Whatever. If JBoss can eventually take its place with FreeBSD and Linux (oops I meant GNU/Linux) and Apache, well good for it. More choices don't hurt.

    Peace,

    Cameron.
  26. <quote>
    Disclaimer, I am a definite JBoss fan. With that in mind, I think most people would agree that Rickard, Marc Fleury, Scott Stark and other top JBoss developers are some of the world's leading experts on J2EE.
    </quote>

    There is a saying that goes "99% of the best developers in the world do not work for you". JBoss is no exception. There are a lot of very smart and expert J2EE people out there. Some work for major J2EE vendors, others for minor J2EE vendors and some are not even in the J2EE market at all. You just don't hear about them.

    Ignore this simple fact at your own risk (or your company's).

    --
    Cedric
  27. ". Put another way, Marc's savvy marketing strategy is artificially inflating the download numbers. "

    Totally agreed. The reason Giga et. al measure license revenue is because that is the best reflection of what's actually being run in production. For example, I've probably downloaded JBoss about a dozen different times - to try out tutorials, or to work with other products, etc - but I'm not running it in production.

    My guess is that if you looked at production installations (and by production I mean a real company - not someone's personal site) - that JBoss has less than 1% of the market share. Hardly game over.

    -Scott
  28. <quote>
    Basically, if you are going to be realistic about the J2EE marketplace, there are only three relevent app servers out there: Weblogic, WebSphere and JBoss. I just don't see the user and developer base on the others to make them anything more than pet projects.
    </quote>

    Being a supporter of Borland (see my review in the Reviews tab), I have to disagree with this one ;-). I think a whole lot of projects are done with other app servers, and not just small ones (Intranet apps, etc.). Just seeing that Borland, for example, has been chosen by Cisco, major banks, etc. makes it a valuable product, IMHO.

    <quote>
    WebSphere: Between the two proprietary leaders, here's a clear case where this product needs serious re-factoring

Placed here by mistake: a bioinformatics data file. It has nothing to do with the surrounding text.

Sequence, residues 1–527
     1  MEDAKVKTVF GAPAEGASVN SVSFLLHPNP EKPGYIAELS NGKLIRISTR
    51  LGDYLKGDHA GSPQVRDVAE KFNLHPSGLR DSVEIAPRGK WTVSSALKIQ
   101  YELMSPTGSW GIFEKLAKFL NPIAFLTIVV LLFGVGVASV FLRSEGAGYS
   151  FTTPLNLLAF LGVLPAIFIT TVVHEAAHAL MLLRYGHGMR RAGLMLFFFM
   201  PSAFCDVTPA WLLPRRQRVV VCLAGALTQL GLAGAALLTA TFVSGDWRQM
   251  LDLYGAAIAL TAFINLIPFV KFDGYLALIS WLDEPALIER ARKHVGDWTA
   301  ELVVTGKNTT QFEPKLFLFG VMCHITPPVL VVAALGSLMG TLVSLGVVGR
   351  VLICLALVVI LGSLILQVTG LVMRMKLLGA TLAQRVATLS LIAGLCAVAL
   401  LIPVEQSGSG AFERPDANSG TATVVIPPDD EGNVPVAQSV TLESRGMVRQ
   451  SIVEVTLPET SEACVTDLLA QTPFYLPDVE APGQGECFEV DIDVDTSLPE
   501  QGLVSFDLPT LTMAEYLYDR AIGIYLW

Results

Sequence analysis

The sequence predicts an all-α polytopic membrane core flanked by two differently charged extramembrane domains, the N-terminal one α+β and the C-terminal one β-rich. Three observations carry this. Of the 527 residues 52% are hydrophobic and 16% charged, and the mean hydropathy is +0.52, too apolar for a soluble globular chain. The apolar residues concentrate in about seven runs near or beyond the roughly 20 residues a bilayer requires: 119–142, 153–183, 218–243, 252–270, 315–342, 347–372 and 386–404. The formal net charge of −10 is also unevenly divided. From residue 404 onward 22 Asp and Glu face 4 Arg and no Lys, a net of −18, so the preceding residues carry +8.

</quote>

    Completely agree.

    <quote>
    Back to "you never got fired for buying IBM...," I replaced the previous consultants at my last client who did get fired for recommending WebSphere
    </quote>

    Congratulations! ;-)

    <quote>
    You have to understand that the end client doesn't care as much about brand as you think
    </quote>

    I don't think the end client cares so much. But the marketing and sales guys, who don't give a shit about ease of development, robustness and so on, care a lot. Since they get pressure and promises from giant companies (IBM, etc.), and since they don't want to get blamed due to bad sales, they just push for WebSphere or BEA, thinking that the client will be glad. Of course, when IT asks for the reasons of the Websphere choice, they say that the end clients want Websphere, and that it will help selling the product...

    Regards.
    JB.

  29. Guglielmo Lichtner spake:
    > However, I sincerely doubt that BEA will be packing it in
    > next year, as Marc claims.
    > The reason lies in the psychology of IT managers.

    A disfunctional lot, as we all know. I'm afraid I have to agree with you here, but:

    > What they do care about is features that allow them to keep
    > their jobs, and those features are 1) reliability, 2)
    > scalability, 3) on-site support, 4) J2EE compliance.
    Two points: 1) JBoss has these. 2)none of these help IT managers keep their jobs. What helps them keep their jobs is having someone else to blame. If they can blame IBM for having a crap product, then it's not their fault, somehow, for choosing the crap product. If they choose JBoss (or postgresql, for example) they're responsible for making it work. What I like is being _empowered_ to make it work. But I'm not a manager, I'm an architect. I don't like blaming people, I like making things work.

  30. Dan wrote:

    >> What they do care about is features that allow them to >keep
    >>their jobs, and those features are 1) reliability, 2)
    >> scalability, 3) on-site support, 4) J2EE compliance.

    >Two points: 1) JBoss has these. 2)none of these help IT >managers keep their jobs. What helps them keep their jobs >is having someone else to blame. If they can blame IBM for >having a crap product, then it's not their fault, somehow, >for choosing the crap product. If they choose JBoss (or >postgresql, for example) they're responsible for making it >work. What I like is being _empowered_ to make it work. >But I'm not a manager, I'm an architect. I don't like >blaming people, I like making things work.